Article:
I was lucky enough to grow up in a family in which exercise, and particularly running, were encouraged. Jogging has therefore always been deeply important to my mental and physical wellbeing for as long as I can remember, and my adventures by trainer have taken me to half-marathons in Paris, the Masai Mara in Kenya and all around the country.
However, at various points in my life; for injury, pregnancies and more recently for chemotherapy, I’ve had to put my running on hold and then restart and rebuild, which is always a tough prospect.
I’ve now been part of the Shrewsbury parkrun fraternity for four years, starting when my daughter was eight weeks old. I can’t tell you how excited I was to discover this wonderful community where I could turn up each week with my buggy, rediscover my love of running and gradually build back to fitness again.
I had to pause running again for a second pregnancy in 2015, after which the buggy was upgraded to a double and responsibility for pushing this heavy load has passed to my husband! (I get the dog, who often pulls me up the hills!).
Acute stomach pains took me to A&E where emergency surgery and a shock diagnosis of bowel cancer swiftly followed. As a generally fit, healthy and comparatively young (sub-35) individual, this unpleasant discovery left me reeling physically and emotionally as I struggled to come to terms with everything.
Once recovered from abdominal surgery I started chemotherapy, the side effects of which (for me) included nausea and the severe lethargy for which these toxic chemicals are renowned. My chemotherapy treatment lasted six months, given fortnightly, and it would lying if I said it was anything but miserable. But as treatment became a routine, I discovered there was a little window of opportunity every two weeks where I felt well enough to attempt running.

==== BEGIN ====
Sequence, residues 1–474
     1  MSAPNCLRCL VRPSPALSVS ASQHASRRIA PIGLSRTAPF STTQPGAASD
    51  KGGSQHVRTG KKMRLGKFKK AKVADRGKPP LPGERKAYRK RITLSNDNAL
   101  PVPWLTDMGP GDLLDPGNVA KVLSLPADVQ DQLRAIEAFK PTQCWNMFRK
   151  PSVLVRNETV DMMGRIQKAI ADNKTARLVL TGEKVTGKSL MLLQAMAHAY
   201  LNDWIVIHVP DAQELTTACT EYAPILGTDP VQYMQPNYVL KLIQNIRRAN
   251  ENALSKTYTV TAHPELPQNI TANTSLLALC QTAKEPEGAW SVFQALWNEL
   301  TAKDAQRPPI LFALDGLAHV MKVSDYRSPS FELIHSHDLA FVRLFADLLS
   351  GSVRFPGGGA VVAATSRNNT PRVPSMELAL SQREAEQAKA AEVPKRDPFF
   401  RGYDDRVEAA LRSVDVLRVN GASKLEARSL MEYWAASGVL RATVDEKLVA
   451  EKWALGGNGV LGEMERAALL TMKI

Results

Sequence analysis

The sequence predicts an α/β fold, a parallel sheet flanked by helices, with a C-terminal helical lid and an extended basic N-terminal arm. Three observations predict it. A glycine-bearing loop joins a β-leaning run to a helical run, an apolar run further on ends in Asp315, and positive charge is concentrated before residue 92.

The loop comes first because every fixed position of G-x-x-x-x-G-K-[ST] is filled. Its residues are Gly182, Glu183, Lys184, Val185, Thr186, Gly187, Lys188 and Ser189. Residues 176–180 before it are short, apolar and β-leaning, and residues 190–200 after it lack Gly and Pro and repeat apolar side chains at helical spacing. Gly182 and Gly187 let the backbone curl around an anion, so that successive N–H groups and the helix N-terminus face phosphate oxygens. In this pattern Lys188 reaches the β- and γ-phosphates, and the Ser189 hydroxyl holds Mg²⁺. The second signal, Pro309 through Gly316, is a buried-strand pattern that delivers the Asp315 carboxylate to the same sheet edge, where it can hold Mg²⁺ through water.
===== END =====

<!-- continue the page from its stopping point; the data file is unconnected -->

So every two weeks, when possible, I attended Shrewsbury parkrun. Of course I’ve been slower, but being able to run and feeling part of something has been vital for my emotional and physical wellbeing, a little slice of normality. Not only that, but the sense of achievement, at actually being able to complete the 5k in spite of everything has made me overwhelmingly grateful for this wonderful event.
Without knowing the details of my life and of the challenging circumstances I was dealing with, the various run directors, volunteers and my fellow runners, (many of whom know by sight but perhaps not by name), have always taken the time to greet me warmly. That meant a lot to me, and I want to share how important that sense of community has been to me.
In difficult times, it’s often the little things that make a big difference; the opportunity to get out and run come rain or shine with the wonderful group of people at Shrewsbury parkrun, the chance to plod around the beautiful Quarry Park and be grateful for the ability to run, and the feeling of achievement at the end all make me feel profoundly grateful. I am also thrilled to have joined the parkrun 50 Club. It’s taken me nearly four years, I’m just hoping I can complete the next 50 a little faster!
My daughter Alice is my reason for running. She has the CASK gene mutation, causing parts of her brain to be underdeveloped. Alice is non-verbal, visually impaired and is fed through a tube directly into her stomach for 16 hours a day. Alice also has epilepsy, scoliosis and poor muscle control. Despite all of this…
When Cardiff parkrun launched in 2008 it was the seventh event to join the parkrun family and the first outside of England. Following on from its 10th birthday last weekend, Event Director Phil Cook looks back on an event that has had a significant impact on the Welsh capital and blazed the trail for…